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  • 16 February 2012
  • Posted By Brett DuBois
  • NIAC round-up

Iran News Roundup 2/15

Iran Announces Nuclear Program Advances

Iran began loading domestically manufactured nuclear fuel rods into its Tehran Research Reactor, which produces medical isotopes used in cancer treatments. In a ceremony broadcast on state TV, Iranian President Mahmoud Ahmadinejad placed the first fuel rod into the reactor. He praised this achievement as an important step toward Iran’s goal of mastering the complete nuclear fuel cycle. (USATODAY 2/15)

During the ceremony, Iran also announced that it had began using advanced, “fourth generation” carbon fiber centrifuge models at its uranium enrichment facility at Natanz. Iranian officials claim the new centrifuge models will increase their enriched uranium production capacity by operating at a higher speed. However, some Western nuclear experts have cast doubts on these claims and assert that Iran has failed to demonstrate evidence of less advanced second- or third-generation centrifuge capabilities. (CBS News 2/15)

Iranian state media also reported that Iran is ready to formally announce that the Fordo uranium enrichment facility, located in a mountain bunker near the city of Qom, is fully operational. Following an inspection of the facility last month, the International Atomic Energy Agency confirmed that Iran is enriching uranium up to 20%, which is the level needed to produce fuel for the medical research reactor. (Washington Post 2/15)

  • 13 February 2012
  • Posted By Brett DuBois
  • NIAC round-up

Iran News Roundup 2/13

Netanyahu Accuses Iran of Involvement in Bomb Attacks Targeting Israeli Diplomatic Staff

Israeli Prime Minister Benjamin Netanyahu accused Iran and Lebanon’s Hezbollah of involvement in bomb attacks targeting members of the Israeli diplomatic staff based in India and Georgia. In New Delhi, a bomb attached to a car injured four people, including the wife of the Israeli Defense Attache. In Tbilisi, police diffused a bomb discovered in the car of a member of the Israeli embassy staff. Netanyahu alleged that these incidents were linked to attempted attacks in Azerbaijan and Thailand, which were thwarted last month. “Iran, which stands behind these attacks, is the largest exporter of terror in the world,” he said. (Reuters 02/13)

In a statement to Iran’s official IRNA news agency, Iran’s Ambassador to New Delhi, Mehdi Nabizadeh, denied any Iranian involvement. He said, “These accusations are untrue and sheer lies, like previous times.” (Jerusalem Post 02/13)

Meanwhile, Rudy Giuliani, Commentary, and New York Daily News praised the Mujhadin-e Khalq for allegedly working with the Israeli Mossad to conduct acts of terrorism in Iran. (Think Progress 02/13)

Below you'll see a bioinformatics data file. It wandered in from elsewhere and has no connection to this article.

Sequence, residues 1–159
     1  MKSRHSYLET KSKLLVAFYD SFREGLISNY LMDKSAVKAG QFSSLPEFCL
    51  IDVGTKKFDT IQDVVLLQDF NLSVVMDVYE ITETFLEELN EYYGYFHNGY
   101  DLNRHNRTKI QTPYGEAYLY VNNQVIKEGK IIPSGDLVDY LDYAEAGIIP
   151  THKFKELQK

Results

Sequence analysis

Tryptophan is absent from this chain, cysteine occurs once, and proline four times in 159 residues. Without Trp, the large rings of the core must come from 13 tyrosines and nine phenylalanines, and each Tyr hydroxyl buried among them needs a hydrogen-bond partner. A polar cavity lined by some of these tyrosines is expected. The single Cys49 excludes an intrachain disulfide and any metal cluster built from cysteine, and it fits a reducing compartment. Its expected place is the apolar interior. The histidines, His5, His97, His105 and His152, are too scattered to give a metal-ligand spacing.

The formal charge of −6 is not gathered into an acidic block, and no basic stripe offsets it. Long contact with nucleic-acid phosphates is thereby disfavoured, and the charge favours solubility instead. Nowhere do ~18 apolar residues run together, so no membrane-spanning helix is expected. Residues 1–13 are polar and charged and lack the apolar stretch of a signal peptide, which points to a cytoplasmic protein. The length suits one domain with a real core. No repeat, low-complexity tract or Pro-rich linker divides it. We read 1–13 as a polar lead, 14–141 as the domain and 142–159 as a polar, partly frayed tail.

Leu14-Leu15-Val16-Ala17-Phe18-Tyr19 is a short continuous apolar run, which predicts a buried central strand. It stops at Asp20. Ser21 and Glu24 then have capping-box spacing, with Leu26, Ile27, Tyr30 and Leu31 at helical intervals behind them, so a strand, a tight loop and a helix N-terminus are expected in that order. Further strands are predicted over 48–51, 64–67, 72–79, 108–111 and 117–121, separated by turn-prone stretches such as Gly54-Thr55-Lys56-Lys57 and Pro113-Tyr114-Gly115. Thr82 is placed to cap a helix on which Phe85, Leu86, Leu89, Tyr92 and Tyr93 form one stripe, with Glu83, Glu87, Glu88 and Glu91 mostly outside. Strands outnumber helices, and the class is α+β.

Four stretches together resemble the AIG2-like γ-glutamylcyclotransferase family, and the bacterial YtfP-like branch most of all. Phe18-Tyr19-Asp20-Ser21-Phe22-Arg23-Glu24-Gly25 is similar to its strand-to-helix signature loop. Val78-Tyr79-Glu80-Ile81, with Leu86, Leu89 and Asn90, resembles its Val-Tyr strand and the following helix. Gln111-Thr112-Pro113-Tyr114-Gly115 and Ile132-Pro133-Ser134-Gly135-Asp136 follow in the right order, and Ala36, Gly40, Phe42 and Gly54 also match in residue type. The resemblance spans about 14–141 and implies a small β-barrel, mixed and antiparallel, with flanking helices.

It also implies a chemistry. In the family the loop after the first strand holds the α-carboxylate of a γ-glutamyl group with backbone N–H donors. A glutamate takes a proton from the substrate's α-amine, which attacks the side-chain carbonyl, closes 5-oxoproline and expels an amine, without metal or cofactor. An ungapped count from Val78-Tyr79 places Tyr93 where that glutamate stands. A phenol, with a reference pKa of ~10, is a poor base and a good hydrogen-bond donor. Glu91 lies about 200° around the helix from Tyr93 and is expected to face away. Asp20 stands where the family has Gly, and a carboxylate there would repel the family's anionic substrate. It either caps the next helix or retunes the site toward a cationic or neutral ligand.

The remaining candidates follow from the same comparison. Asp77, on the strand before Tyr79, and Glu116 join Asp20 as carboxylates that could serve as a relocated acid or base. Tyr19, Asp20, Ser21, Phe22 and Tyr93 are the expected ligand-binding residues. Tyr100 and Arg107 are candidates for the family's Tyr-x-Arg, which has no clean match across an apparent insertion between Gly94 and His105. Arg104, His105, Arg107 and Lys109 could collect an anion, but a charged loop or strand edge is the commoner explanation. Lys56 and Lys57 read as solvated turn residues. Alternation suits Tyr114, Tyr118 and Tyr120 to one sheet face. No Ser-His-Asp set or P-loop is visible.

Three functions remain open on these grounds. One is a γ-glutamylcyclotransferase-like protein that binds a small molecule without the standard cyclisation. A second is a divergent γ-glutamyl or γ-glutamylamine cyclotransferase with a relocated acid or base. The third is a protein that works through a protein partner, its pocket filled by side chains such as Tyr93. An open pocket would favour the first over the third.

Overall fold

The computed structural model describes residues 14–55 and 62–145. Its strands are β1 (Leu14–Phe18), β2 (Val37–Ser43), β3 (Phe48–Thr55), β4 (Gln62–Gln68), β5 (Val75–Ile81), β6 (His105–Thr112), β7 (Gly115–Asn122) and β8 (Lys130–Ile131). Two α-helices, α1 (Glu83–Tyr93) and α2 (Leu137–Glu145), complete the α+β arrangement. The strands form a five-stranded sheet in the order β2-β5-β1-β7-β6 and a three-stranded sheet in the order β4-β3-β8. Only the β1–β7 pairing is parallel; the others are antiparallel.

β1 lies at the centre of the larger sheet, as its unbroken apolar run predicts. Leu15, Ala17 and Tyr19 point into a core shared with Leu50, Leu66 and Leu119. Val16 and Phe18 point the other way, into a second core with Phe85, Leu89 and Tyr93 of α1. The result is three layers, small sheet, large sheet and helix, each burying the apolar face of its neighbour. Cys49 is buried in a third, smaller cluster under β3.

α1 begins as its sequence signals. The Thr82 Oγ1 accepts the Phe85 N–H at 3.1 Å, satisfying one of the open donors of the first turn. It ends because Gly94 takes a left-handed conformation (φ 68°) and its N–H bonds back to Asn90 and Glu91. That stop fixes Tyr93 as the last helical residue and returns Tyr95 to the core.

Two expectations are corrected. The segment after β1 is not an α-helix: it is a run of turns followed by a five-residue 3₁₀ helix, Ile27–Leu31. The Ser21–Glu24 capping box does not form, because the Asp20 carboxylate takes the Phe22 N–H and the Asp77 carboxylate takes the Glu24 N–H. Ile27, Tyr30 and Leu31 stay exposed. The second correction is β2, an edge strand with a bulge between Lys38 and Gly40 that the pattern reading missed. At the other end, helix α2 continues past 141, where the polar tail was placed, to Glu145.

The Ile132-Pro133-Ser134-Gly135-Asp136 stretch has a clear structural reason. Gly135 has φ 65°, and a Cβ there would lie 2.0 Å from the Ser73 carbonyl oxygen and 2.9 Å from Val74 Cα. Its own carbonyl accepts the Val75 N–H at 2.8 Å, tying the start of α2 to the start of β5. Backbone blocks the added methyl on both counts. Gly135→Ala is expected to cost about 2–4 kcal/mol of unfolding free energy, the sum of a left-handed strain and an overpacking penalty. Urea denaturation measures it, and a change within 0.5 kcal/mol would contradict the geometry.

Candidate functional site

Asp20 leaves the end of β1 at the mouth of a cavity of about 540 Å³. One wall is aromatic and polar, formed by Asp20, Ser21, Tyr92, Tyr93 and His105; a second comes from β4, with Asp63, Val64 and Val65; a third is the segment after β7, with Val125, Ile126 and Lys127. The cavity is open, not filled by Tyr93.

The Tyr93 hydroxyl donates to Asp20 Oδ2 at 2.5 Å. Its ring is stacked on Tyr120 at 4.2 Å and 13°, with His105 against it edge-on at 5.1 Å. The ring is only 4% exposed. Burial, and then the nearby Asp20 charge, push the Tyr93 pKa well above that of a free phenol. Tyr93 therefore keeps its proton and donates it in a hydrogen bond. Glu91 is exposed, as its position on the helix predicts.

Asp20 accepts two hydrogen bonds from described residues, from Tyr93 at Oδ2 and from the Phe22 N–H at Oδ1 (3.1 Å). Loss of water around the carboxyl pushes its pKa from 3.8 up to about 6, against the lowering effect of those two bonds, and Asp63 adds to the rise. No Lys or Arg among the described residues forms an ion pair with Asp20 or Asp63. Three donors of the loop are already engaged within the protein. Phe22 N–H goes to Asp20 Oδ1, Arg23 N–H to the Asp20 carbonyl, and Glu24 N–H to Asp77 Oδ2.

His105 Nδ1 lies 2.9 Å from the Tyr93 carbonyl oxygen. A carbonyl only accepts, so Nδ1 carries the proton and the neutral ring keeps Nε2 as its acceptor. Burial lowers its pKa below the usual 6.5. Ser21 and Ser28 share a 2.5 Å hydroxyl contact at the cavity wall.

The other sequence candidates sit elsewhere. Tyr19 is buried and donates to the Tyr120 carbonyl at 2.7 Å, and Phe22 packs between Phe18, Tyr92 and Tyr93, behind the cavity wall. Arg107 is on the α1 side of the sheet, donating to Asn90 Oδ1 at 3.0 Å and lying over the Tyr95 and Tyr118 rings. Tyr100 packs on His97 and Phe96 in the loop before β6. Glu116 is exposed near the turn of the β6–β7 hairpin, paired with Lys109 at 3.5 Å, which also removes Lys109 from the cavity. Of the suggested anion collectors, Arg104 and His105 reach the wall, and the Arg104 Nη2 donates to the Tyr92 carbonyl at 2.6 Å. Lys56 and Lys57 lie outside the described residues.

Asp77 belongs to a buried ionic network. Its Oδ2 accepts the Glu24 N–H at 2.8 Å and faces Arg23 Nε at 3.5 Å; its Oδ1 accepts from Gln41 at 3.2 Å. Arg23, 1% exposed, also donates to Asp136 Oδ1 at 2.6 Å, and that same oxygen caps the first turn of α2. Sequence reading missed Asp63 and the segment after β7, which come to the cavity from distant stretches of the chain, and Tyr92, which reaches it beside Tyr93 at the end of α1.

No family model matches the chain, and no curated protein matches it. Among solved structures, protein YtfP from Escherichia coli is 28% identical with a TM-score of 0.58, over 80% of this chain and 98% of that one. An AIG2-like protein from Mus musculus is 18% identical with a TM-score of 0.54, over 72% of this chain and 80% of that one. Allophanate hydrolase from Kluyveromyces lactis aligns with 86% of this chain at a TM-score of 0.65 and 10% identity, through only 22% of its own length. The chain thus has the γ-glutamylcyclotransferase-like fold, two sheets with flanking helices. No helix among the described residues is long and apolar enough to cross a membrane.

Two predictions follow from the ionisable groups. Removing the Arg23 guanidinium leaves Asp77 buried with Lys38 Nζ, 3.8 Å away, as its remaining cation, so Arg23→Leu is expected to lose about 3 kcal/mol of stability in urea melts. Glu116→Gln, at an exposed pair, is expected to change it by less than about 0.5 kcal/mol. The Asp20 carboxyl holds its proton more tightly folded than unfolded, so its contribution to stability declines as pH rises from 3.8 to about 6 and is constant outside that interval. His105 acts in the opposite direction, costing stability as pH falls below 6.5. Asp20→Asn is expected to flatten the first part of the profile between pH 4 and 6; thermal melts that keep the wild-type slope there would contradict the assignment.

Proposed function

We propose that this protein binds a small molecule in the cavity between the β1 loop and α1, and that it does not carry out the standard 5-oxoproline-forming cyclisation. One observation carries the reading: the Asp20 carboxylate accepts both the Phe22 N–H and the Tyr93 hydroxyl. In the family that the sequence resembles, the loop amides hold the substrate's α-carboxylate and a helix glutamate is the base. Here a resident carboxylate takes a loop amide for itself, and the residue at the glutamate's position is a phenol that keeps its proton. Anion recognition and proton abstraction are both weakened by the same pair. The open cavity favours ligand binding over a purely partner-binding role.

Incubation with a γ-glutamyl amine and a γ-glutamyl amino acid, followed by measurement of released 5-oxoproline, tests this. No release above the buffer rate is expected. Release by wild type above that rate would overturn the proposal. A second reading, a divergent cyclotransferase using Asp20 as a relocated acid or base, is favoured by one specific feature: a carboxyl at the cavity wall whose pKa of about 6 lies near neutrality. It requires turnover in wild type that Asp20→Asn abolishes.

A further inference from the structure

Iran Promises Nuclear Announcement in Coming Days

Mahmoud Ahmadinejad said during events commemorating the 33rd anniversary of the 1979 revolution that ,“Within the next few days the world will witness the inauguration of several big new achievements in the nuclear field.” (The Atlantic Wire 02/11)

There is speculation that the announcement will relate to  operations at the Fordo facility, where centrifuges have already been installed.  (China Daily 02/13)

Iran Blocks Access to Popular Internet Sites

Iran has cut off access to a number of popular websites, including Gmail, Hotmail, Yahoo email, Facebook, and a variety of foreign news outlets. While the government has not released a formal statement announcing this measure, some attempts to reach these websites were met with a page in Persian indicating, “Access to this page is a violation of computer crime laws.” (Agence France-Presse 02/13)

Senior U.S. Navy Official in Persian Gulf Says U.S. Forces Can Prevent Iran from Blocking the Strait of Hormuz

In a press briefing at the base for the U.S. Navy’s Fifth Fleet in Bahrain, Vice Admiral Mark Fox, head of the Fifth Fleet, indicated that U.S. forces are prepared to prevent Iran from attempting to close the Strait of Hormuz. Fox stated that he took seriously Iran’s recent threats to close the Strait and he also described a number of steps Iran has taken to augment its naval capabilities in the Persian Gulf.  While Fox asserted that the Fifth Fleet was prepared to deal with any contingency in the region, including a potential conflict with Iran, he emphasized his belief that diplomacy should be the preferred solution for ratcheting down tensions. “So when you hear discussion about all this overheated rhetoric from Iran we really believe that the best way to handle this is with diplomacy… I am absolutely convinced that is the way to go. It is our job to be prepared. We are vigilant.” (Reuters 02/12)

Sign the Petition